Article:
This sequence shows two Olympic silver medalists vying for a spot on the 2000 Olympic team. Sammie Henson (in red) snaps Stephen Abas's head down into a short offense situation (the control tie in question), he then gives Abas's head a slight shuck to the left, and deftly steps outside to the right, snatching the single and finishing to Abas's right hip.


Previously, when I tried to work out a way to determine which wrestling styles would translate most effectively to MMA, I theorized that those wrestlers who relied on timing/tempo based setups to leg attacks would see the strongest correlation between their success on a mat and their success in a prize fight. I still feel that way, if for no other reason that conventional wrestling ties rarely manifest themselves in MMA, and the upright posture of a cage fighter allows little opportunity to properly utilize control ties for leg attacks.

A timing/tempo based setup simply means that a wrestler executes his attack at the exact moment when a gap appears in his opponent's defense. This attacker may create this opening through motion, the opening may present itself in a counter situation or the attacking wrestler may just have an uncanny knowledge of when to attack, as you will see below.


In the 2008 finals of the U.S. Open in freestyle, a corn-rowed Ben Askren taps Tyrone Lewis's head, and just seems sense the proper moment to snatch the single for a takedown.


I will also note here, that though snatch singles commonly result in a head-inside position, this is not always the case. Above, Iran's Ehsan Lashgari grabs a head-outside snatch single on Max Askren, and takes him for a ride (yes, Lashgari does touch his knee to the mat, so this move's status as snatch single becomes dubious, but surely you get my point).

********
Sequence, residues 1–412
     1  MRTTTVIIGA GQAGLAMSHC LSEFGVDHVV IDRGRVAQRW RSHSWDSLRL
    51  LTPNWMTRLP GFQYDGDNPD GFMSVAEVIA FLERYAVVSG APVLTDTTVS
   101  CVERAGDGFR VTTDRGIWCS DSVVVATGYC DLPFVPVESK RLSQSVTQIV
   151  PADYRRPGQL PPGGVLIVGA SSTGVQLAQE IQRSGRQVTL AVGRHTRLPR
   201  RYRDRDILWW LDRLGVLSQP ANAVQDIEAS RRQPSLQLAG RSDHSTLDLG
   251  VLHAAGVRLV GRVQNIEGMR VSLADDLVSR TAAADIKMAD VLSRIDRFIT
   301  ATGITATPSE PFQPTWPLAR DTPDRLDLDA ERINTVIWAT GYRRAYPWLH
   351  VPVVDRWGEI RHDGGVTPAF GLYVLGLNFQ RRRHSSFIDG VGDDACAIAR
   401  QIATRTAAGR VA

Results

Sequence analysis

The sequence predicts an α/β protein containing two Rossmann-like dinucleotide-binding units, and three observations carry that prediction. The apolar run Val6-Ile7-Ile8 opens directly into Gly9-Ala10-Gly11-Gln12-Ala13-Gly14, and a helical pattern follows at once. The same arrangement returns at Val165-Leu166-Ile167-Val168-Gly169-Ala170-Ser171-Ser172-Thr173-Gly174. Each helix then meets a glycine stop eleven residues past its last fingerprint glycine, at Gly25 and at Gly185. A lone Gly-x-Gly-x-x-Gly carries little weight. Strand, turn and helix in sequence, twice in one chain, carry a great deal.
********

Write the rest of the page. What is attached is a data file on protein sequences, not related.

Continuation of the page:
Weidman's Snatch Single on Silva


Now we will take a look at Weidman's snatch single on Silva in six steps

1. Weidman senses he has the right distance and proper timing

2. Weidman steps with his lead foot. Silva actually tries to stop the shot by posting with both hands, and may have succeeded, but for the fact that very quickly, almost imperceptibly, Weidman uses his right hand to reach across and clear Silva's right hand from his shoulder.

3. Locking his hands behind Silva's knee, Weidman secures Silva's leg. Weidman has less than ideal position here, his shoulder rests low on Silva's thigh, his back hunches a bit, and he has Silva's forearm pressing down on his head.

4. Weidman improves his position like a good wrestler should. Instead of straightening his legs and lifting Silva's leg with his back, as many bad wrestlers would like to, he steps in with his right leg, raises his head and drives his left shoulder up into Silva's hip.

5. The legs keep moving and Weidman uses his left knee to scoop Silva's right leg. Meanwhile he reaches behind Silva with his left hand, and grabs the far leg.

6. The scooped leg feeds into Weidman's right hand. Weidman now has both of Silva's legs in his grasp, and he drives his opponent to the mat.